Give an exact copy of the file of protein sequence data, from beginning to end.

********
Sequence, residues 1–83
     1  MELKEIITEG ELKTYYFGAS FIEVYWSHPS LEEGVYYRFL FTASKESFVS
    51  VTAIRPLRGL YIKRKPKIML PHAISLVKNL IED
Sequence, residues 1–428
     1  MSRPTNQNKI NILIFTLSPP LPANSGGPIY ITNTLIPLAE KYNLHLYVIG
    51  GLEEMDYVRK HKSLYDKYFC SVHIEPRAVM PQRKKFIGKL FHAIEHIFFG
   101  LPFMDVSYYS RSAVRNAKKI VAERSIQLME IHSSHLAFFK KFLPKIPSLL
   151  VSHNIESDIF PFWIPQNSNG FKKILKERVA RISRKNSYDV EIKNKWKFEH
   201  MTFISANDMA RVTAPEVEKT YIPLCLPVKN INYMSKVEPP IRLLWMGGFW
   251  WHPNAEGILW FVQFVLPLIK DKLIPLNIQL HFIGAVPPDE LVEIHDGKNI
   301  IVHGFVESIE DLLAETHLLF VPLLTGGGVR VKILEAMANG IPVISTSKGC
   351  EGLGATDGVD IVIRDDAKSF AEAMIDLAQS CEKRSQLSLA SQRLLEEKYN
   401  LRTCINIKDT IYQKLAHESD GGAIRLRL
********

Sequence, residues 1–83
     1  MELKEIITEG ELKTYYFGAS FIEVYWSHPS LEEGVYYRFL FTASKESFVS
    51  VTAIRPLRGL YIKRKPKIML PHAISLVKNL IED
Sequence, residues 1–428
     1  MSRPTNQNKI NILIFTLSPP LPANSGGPIY ITNTLIPLAE KYNLHLYVIG
    51  GLEEMDYVRK HKSLYDKYFC SVHIEPRAVM PQRKKFIGKL FHAIEHIFFG
   101  LPFMDVSYYS RSAVRNAKKI VAERSIQLME IHSSHLAFFK KFLPKIPSLL
   151  VSHNIESDIF PFWIPQNSNG FKKILKERVA RISRKNSYDV EIKNKWKFEH
   201  MTFISANDMA RVTAPEVEKT YIPLCLPVKN INYMSKVEPP IRLLWMGGFW
   251  WHPNAEGILW FVQFVLPLIK DKLIPLNIQL HFIGAVPPDE LVEIHDGKNI
   301  IVHGFVESIE DLLAETHLLF VPLLTGGGVR VKILEAMANG IPVISTSKGC
   351  EGLGATDGVD IVIRDDAKSF AEAMIDLAQS CEKRSQLSLA SQRLLEEKYN
   401  LRTCINIKDT IYQKLAHESD GGAIRLRL